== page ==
“As Parliament, we have been asking for a much broader EU Mechanism for years already, which is not only focusing on rule of law, but also takes into consideration the protection of fundamental rights” Birgit Sippel, S&D spokesperson on civil liberties, justice and home affairs
Her comments were shared by Commissioner for Justice and Consumers, Didier Reynders, who, speaking at the same news conference in Brussels, said the aim is to “share good practices and pre-empt challenges before they become entrenched.”
“The goal is to instil a real rule of law culture across the EU and trigger a genuine debate at national and EU level.”
The governments in Hungary and, more recently, Poland have long been at loggerheads with the EU over accusations that they undercut democratic standards.
While both post-communist states benefit from generous EU funds, their rulers have come under pressure for putting courts and judges, media and academics, non-governmental organisations and rights groups under direct government control.
Poland and Hungary are currently being investigated by the EU for allegedly undermining the independence of the judiciary, media and non-governmental organisations.
Reaction to the rule of law report was swift with Maltese member Roberta Metsola, EPP spokeswoman for Parliament’s Civil Liberties Committee, demanding, “It now needs to be backed up with action and consequences to effectively prevent breaches.”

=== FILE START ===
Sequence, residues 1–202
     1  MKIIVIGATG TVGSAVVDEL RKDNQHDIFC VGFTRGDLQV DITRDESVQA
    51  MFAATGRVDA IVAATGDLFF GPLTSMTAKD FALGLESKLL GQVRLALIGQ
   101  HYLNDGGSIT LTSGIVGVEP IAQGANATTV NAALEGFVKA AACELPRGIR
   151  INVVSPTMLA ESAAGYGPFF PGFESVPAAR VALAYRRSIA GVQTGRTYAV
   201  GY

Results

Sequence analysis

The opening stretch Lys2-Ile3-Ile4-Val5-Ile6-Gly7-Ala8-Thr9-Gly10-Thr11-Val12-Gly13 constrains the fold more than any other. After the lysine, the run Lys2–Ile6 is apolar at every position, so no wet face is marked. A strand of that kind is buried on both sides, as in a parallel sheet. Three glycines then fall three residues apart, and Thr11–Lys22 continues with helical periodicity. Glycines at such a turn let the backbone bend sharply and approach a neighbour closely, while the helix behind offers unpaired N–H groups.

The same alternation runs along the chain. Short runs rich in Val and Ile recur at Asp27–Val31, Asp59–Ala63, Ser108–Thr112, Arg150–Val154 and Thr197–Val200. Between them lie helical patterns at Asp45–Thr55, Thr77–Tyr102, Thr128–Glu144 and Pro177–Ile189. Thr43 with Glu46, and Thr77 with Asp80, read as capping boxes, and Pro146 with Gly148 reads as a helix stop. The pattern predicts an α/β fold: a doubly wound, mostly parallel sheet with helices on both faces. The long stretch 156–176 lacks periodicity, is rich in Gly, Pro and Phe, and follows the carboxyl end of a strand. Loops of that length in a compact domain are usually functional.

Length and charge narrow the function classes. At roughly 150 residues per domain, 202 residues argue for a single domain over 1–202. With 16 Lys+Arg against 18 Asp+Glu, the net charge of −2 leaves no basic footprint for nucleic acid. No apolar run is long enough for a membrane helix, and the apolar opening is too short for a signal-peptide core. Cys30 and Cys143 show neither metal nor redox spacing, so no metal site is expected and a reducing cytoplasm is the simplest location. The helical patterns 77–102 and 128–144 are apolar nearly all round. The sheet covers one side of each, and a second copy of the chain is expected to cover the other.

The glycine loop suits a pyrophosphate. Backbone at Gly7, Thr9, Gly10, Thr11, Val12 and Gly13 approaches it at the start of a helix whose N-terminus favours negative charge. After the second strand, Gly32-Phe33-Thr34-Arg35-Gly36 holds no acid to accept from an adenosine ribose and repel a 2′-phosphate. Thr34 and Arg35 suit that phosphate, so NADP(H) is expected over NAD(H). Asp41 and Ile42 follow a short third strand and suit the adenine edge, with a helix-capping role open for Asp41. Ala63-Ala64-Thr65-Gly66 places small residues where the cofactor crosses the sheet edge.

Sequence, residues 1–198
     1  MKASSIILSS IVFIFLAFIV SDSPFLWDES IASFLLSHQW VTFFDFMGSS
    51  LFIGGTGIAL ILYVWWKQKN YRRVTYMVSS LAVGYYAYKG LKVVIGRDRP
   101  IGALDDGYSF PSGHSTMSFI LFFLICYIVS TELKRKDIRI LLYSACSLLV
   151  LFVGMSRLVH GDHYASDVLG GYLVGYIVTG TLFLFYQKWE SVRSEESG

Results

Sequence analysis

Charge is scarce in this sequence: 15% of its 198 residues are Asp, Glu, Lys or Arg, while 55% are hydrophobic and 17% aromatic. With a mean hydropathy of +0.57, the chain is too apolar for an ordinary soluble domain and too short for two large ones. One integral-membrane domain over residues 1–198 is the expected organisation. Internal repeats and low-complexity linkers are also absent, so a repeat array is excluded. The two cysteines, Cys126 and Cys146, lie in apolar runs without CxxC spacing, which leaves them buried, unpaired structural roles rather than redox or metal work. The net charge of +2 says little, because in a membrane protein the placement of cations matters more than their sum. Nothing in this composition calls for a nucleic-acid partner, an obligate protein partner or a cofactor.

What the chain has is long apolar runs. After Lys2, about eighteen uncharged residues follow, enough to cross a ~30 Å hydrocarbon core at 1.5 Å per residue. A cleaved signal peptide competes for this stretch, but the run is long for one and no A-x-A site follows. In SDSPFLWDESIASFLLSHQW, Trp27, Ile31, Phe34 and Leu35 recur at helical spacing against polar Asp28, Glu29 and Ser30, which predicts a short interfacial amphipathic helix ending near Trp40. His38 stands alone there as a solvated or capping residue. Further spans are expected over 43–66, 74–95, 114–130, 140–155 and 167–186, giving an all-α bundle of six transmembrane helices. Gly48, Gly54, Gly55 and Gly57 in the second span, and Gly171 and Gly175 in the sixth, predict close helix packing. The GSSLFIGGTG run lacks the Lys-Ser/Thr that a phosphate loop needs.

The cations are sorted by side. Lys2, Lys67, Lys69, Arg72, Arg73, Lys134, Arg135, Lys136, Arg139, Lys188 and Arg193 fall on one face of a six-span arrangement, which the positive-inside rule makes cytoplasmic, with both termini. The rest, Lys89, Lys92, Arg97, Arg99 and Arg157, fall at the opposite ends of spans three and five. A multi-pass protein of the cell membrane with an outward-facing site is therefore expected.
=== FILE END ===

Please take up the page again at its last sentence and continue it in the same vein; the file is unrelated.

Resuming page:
The report, she said, “raises serious issues that cannot be ignored.”
In a statement, the Socialists and Democrats Group said the report was “an additional tool to detect deficiencies at the earliest possible stage,” but added, “Nevertheless, we reiterate our call for an efficient tool to defend democracy, the rule of law and fundamental rights in Europe, given that despite the article 7 procedure that was launched against Poland and Hungary, the Polish and Hungarian governments are ruthlessly continuing their anti-democratic ways.”
Further comment came from Birgit Sippel, S&D spokesperson on civil liberties, justice and home affairs, who said the report “ is a good first step in order to put forward an effective tool to stop the spread of an undemocratic disease throughout Europe.”
But she added, “Yet, as Parliament, we have been asking for a much broader EU Mechanism for years already, which is not only focusing on rule of law, but also takes into consideration the protection of fundamental rights.”
“A yearly Commission report limited to institutional aspects will serve no purpose, especially when the reports do not lead to concrete recommendations per Member State.”
For this new preventative tool to be credible in the eyes of the citizens whose fundamental rights we are trying to protect. They need to know that the EU has the courage to act if there is a systemic and persistent breach of the rule of law, democracy and fundamental rights.”